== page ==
When it comes to the fossil record, more attention always goes to the bizarre. The Bigger, toothier, and more lavishly ornamented, the better. Just as the dinosaurs. But as paleontologist William Parker once told me, every species has a fossil record. Petrified records peeled up at localities around the world help fill in the backstory of our modern biodiversity, connecting the present to the past. The latest example is a 52.2 million-year-old relative of tomatillos found in Argentina.

Paleontologist Peter Wilf and colleagues have just named the Eocene plant. They've called it Physalis infinemundi - the nightshade from the end of the world, referring to the fact this plant grew in the southern portion of the great supercontinent Gondwana just before it finally broke up.

The new fossil veggie belongs to a broader family of plants called the Solanaceae. This is the group that contains tomatoes, peppers, potatoes, and other familiar - not to mention tasty - plants. Up until now, the more familiar forms of these plants were thought to have evolved around 30 million years ago. As Wilf and colleagues report, though, the anatomy of Physalis infinemundi closely resembles that of groundcherries and tomatillos, meaning that derived species of Solanaceae were already around at 52.2 million years ago.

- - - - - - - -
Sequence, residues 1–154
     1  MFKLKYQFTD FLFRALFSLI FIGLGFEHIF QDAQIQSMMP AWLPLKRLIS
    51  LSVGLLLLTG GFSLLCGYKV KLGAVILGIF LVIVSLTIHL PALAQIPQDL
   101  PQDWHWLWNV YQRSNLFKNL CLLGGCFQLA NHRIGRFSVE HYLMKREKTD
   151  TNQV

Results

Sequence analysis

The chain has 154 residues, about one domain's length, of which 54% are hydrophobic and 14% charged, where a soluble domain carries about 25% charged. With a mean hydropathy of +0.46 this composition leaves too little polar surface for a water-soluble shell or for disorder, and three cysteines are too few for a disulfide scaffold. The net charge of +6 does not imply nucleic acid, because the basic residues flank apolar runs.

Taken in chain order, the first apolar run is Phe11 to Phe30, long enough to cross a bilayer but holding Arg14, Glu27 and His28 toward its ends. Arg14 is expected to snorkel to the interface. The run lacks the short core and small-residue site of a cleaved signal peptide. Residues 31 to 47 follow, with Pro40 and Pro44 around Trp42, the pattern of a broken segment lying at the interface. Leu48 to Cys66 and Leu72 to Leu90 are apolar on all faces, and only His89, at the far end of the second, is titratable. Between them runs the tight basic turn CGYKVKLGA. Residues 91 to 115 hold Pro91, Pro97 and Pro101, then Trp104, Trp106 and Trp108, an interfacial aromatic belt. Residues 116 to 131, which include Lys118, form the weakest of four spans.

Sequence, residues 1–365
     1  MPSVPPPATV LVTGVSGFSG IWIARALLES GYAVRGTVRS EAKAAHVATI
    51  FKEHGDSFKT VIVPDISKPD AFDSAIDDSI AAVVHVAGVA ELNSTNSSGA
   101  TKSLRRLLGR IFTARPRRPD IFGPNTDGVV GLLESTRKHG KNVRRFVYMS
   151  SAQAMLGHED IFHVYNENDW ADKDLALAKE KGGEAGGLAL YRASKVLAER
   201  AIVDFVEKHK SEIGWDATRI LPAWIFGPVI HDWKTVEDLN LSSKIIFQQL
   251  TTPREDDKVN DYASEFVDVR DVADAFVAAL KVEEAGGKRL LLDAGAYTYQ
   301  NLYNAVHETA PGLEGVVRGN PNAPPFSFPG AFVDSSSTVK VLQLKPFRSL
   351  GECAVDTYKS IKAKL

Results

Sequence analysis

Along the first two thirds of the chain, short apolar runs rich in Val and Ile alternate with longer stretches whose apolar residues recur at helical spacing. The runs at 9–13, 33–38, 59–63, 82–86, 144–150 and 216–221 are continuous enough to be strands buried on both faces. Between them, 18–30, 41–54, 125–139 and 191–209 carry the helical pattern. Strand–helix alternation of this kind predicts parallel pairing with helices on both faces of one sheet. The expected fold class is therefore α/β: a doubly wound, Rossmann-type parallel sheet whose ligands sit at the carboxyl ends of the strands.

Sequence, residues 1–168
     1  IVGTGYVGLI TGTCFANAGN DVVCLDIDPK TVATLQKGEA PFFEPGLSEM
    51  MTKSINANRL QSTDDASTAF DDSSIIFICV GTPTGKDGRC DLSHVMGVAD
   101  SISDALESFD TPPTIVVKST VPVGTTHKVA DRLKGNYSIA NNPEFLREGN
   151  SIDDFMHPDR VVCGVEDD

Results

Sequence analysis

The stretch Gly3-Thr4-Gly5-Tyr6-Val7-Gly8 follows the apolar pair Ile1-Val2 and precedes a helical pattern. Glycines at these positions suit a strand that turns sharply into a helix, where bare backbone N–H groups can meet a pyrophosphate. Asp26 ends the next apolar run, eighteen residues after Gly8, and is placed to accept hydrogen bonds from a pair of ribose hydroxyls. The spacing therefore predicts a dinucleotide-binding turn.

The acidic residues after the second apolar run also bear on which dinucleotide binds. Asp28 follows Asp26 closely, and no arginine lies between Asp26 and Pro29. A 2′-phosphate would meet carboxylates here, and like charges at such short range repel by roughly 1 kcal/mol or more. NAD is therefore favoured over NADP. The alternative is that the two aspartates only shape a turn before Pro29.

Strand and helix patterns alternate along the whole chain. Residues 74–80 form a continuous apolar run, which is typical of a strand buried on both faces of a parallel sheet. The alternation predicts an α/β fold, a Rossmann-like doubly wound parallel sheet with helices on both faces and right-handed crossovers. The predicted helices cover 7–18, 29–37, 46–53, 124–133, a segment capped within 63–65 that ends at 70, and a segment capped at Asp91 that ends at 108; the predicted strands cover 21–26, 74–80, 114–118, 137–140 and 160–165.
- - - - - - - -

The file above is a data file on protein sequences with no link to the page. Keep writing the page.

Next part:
What makes Physalis infinemundi look so modern is the leafy wrapper around the fruit. This is because of a phenomenon called Inflated Calyx Syndrome, seen on modern relatives of the plant. Exactly why these plants evolved this feature isn't clear yet, but Wilf and colleagues think the early origin of the structures in wet, humid, lakeside environments might be a clue.

"Simple kitchen-sink and stream experiments on several Physalis species confirmed that intact calyces hold stable air pockets around the berry," Wilf and colleagues write, "enabling flotation for several days in water and prevents wetting of the berry during rains." The natural coat surrounding the fruit of a tomatillo might be a leftover from when their ancient ancestors evolved in waterlogged places. Think about that the next time you make salsa verde. You're tasting the legacy of the Eocene world.

Physalis infinemundi. Credit: Wilf et al. 2017

Fossil Facts

Name: Physalis infinemundi

Meaning: Physalis is a genus of nightshade plant, and infinemundi is Latin for "at the end of the world."

Age: Eocene, 52.2 million years ago.

Where in the world?: Chubut Province, Argentina.

What sort of critter?: Part of the Solanaceae family, or nightshades.

Size: Stalk and fruit together are less than two inches long.

How much of the organism’s body is known?: Two fruits.


Wilf, P., Carvalho, M., Gandolfo, M., Cúneo, N. 2017. Eocene lantern fruits from the Gondwanan Patagonia and the early origins of the Solanaceae. Science. doi: 10.1126/science.aag2737 

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